Friday, March 24, 2017

New Marathon Star Yuka Ando Must Take the Rest She Needs and Avoid the Impossible - An Editorial

http://www.sponichi.co.jp/sports/news/2017/03/15/kiji/20170314s00056000173000c.html

an editorial by Kenji Fujiyama
translated by Brett Larner

At the Mar. 12 Nagoya Women's Marathon, fresh new 22-year-old star Yuka Ando (Suzuki Hamamatsu AC) gave a straight up head to head challenge to Rio de Janeiro Olympics silver medalist Eunice Kirwa (Bahrain) on the way to finishing 2nd in 2:21:36 and becoming the fourth-fastest Japanese woman ever.  Debuting marathoners usually avoid taking on the impossible and keep to their own pace, but Ando stayed with Kirwa determinedly, saying, "To win you have to go with it.  Who cares what happens in the second half."  These days there are a lot of athletes running with the weak motivation of targeting the "top Japanese" position from the start, but even after coming in at all-time Japanese #4, when Ando said, "I still showed weakness.  I want to refine what I'm doing even more so that I can truly take on the world," many people felt a kind of glow about her that we haven't see for a long, long time.

Nevertheless, although August's London World Championships have started looking like something to get excited about, perhaps the best advice that could be given to Ando at this point is, "Have the courage not to overdo it." Fully recovering from the fatigue of this race and rebuilding her body from scratch in prep for the World Championships will take a fair amount of time. Even if you run the same 42.195 km in training the damage to the body in a race is completely different.  And this was her first marathon.  Even if she thinks that she has fully recovered, there's a good chance that once she starts up training again she won't be able to move like she imagines.

In the Olympic and World Championships of the past, more top athletes tended to go for the teams in January's Osaka International or oven the previous November's Tokyo International than in Nagoya.  It's true that on the old Nagoya course wind tended to be an issue in making it difficult to run fast times, but with only five months between Nagoya in March and the Olympics or World Championships in August there was little time to fully prepare perfectly.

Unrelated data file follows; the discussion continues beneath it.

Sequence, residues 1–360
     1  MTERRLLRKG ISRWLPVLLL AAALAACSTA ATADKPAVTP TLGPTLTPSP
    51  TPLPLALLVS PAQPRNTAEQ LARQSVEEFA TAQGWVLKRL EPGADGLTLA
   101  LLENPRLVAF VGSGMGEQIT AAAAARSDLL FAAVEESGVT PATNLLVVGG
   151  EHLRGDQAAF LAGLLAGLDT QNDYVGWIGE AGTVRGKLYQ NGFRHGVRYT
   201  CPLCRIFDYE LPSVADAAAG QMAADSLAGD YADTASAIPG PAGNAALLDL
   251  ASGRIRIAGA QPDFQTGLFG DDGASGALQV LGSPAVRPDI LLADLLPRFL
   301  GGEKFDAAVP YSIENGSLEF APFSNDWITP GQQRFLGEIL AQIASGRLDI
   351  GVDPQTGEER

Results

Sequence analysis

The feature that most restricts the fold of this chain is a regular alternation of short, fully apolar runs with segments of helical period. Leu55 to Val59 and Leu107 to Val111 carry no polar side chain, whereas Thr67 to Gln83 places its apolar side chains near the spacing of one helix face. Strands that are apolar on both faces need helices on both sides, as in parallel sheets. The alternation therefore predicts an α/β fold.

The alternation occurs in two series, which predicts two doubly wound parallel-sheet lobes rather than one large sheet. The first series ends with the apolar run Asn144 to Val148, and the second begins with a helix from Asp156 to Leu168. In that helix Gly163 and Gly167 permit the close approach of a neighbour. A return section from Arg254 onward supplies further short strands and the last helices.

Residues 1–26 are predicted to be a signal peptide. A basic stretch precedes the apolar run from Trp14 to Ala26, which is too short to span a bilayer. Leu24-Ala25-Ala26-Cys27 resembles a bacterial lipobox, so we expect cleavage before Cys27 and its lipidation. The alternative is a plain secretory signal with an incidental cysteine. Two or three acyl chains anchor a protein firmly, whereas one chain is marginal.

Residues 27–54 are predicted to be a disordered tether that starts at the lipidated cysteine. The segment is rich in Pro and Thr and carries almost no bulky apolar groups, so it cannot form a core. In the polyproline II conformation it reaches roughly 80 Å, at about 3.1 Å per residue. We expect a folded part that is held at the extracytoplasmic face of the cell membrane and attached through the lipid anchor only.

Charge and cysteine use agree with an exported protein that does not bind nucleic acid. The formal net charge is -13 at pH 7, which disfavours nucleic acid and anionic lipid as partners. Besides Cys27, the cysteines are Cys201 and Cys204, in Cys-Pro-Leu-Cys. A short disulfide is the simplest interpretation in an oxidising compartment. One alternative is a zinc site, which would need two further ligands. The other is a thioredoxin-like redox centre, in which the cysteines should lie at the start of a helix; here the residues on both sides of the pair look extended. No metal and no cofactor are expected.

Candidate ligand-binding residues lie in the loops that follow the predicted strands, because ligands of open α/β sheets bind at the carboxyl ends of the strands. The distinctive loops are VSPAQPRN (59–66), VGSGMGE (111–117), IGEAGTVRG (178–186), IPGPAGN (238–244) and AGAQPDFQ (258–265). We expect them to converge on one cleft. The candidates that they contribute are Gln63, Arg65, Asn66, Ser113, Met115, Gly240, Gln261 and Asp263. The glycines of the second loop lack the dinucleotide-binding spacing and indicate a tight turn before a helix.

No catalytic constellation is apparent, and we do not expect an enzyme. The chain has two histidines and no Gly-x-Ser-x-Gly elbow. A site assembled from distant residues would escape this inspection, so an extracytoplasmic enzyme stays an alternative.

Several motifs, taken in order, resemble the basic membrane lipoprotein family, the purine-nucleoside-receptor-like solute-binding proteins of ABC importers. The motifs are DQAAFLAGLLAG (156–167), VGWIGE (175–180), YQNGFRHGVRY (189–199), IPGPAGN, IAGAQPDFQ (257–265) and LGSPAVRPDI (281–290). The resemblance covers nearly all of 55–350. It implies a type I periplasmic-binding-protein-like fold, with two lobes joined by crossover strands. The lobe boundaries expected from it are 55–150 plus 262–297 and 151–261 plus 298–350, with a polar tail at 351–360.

Looking at the facts, 2007 winner Yasuko Hashimoto finished 23rd at the Osaka World Championships.  2008 winner Yurika Nakamura was 13th at the Beijing Olympics, 2009 winner Yoshiko Fujinaga 14th at the Berlin World Championships, 2012 runner-up Yoshimi Ozaki was 19th at the London Olympics, 2013 winner Ryoko Kizaki was 4th at the Moscow World Championshiops, 2015 runner-up Sairi Maeda was 13th at the Beijing World Championships, and 2016 runner-up Tomomi Tanaka was 19th at the Rio Olympics.  Not exactly a track record of success in Nagoya being connected success at international championships.  The only exception is 2000 winner Naoko Takahashi's gold medal at the Sydney Olympics, but in that case the Olympics were held a month later than usual in September due to being held in the southern hemisphere.

Right now after her first marathon is the most important time for Ando in determining the future course of her career as an athlete.  Of all the things she must do, the first is to recover completely.  She absolutely cannot afford for her train to leave the station before everyone is on board.  If it doesn't look like she is going to make it in just five months, she must have the courage to dare to bow out.  It might be said that thinking that way could bring bad luck, but at long last a true world-class talent has appeared again and you have to hope that it is cultivated carefully.

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